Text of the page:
Stewart and Lloyds camping area

This is the closest campground to Hawks Nest, 10 km along Mungo Brush Rd from town. It’s tucked away behind sand dunes with easy access to the beach. You’ll need to bring drinking water and firewood; gas/fuel... Find out more

Sunnyside camping area (boat-based camping)

This charmingly named camping spot can be found on the western shore of Two Mile Lake, between this and Boolambayte Lake. Bring your own drinking water, firewood and gas/fuel stove.... Find out more

Two Mile Sands camping area (boat-based camping)

Sandy beaches and shallow waters greet boaters at this camping area on the western shore of Mackaway Bay. Bring your own drinking water, firewood and gas/fuel stove.... Find out more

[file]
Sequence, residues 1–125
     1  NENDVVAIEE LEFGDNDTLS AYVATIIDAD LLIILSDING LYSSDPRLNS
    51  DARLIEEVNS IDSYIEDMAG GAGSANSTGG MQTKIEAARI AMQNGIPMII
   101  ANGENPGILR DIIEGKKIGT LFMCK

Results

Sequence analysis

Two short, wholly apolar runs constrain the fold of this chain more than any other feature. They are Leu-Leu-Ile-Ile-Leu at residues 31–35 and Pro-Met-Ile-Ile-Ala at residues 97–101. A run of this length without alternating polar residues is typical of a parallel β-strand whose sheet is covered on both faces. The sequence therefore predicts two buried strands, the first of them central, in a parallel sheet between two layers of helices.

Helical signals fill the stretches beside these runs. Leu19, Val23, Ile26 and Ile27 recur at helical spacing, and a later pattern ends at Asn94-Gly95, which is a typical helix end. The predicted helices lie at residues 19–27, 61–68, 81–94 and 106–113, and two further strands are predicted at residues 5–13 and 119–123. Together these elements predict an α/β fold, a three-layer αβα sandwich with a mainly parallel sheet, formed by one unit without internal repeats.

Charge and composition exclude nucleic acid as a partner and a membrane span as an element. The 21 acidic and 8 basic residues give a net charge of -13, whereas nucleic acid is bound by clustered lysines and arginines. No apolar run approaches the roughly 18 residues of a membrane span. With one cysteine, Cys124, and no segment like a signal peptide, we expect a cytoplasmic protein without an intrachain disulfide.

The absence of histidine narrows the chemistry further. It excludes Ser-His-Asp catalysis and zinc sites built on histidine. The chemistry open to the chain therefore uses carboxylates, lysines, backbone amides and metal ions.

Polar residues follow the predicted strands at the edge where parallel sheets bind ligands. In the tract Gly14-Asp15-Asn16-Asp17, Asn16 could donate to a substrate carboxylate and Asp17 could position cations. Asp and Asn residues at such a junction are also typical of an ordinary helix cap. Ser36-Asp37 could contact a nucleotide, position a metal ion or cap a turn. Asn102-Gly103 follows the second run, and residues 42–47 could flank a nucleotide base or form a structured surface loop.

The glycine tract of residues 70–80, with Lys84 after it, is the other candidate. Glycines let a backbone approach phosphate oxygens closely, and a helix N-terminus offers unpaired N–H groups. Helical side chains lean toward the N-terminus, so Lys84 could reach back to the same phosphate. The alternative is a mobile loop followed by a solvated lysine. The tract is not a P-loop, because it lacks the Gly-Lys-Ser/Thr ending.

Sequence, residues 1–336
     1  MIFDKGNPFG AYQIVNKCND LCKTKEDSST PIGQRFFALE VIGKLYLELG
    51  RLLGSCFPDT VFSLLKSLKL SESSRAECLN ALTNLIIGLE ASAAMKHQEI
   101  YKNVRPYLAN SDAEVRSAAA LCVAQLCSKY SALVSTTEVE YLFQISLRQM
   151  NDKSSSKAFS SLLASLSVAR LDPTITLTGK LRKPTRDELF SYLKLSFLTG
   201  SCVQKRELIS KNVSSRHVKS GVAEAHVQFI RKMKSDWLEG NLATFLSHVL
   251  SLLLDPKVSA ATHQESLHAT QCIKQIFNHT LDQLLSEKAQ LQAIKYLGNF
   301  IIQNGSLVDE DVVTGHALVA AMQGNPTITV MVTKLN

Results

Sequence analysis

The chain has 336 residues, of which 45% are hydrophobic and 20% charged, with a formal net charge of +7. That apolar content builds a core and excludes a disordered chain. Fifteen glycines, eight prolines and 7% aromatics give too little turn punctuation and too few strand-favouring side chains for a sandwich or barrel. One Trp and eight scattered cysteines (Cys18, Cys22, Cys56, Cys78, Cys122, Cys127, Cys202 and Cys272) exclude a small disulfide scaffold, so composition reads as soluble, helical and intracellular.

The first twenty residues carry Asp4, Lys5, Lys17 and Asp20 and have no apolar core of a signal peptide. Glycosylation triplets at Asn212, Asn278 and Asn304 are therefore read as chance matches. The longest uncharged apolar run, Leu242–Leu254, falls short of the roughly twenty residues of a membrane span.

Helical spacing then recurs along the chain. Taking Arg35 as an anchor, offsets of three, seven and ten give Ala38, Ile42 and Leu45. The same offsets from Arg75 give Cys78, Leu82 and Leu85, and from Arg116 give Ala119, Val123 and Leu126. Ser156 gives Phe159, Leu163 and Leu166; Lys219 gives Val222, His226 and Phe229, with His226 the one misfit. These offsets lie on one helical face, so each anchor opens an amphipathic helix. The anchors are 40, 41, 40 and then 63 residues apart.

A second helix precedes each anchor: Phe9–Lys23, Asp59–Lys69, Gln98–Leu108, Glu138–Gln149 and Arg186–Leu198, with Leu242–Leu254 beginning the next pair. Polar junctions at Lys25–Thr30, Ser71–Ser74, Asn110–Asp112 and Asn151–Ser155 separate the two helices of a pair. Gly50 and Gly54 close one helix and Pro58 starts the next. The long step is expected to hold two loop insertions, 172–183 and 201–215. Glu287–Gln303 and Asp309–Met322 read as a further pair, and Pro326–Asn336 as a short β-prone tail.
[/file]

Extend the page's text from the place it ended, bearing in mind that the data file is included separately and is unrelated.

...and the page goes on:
Violet Hill camping area

A great base for lakeside activities, Violet Hill camping area includes a boat ramp, a wharf and a smattering of boat moorings. There’s space for campervans and trailers, although the main campsite area is closed... Find out more

The Wells camping area

It’s lakefront camping here, north of White Tree Bay camping area off Mungo Brush Rd. Located on the eastern shore of Bombah Broadwater, this is one of the few places where you can have a campfire, although... Find out more

White Tree Bay camping area

On the eastern shore of Bombah Broadwater north of Dees Corner camping area off Mungo Brush Rd, this site includes a gas barbecue. Bring your drinking water; gas/fuel stove only.... Find out more

Yagon camping area

This is a top location, sheltered behind the dunes, close to the beach, Seal Rocks and Sugarloaf Point Lighthouse, and away from the conglomeration of camping sites to the south around the lakes. To get here, turn on to... Find out more

See Also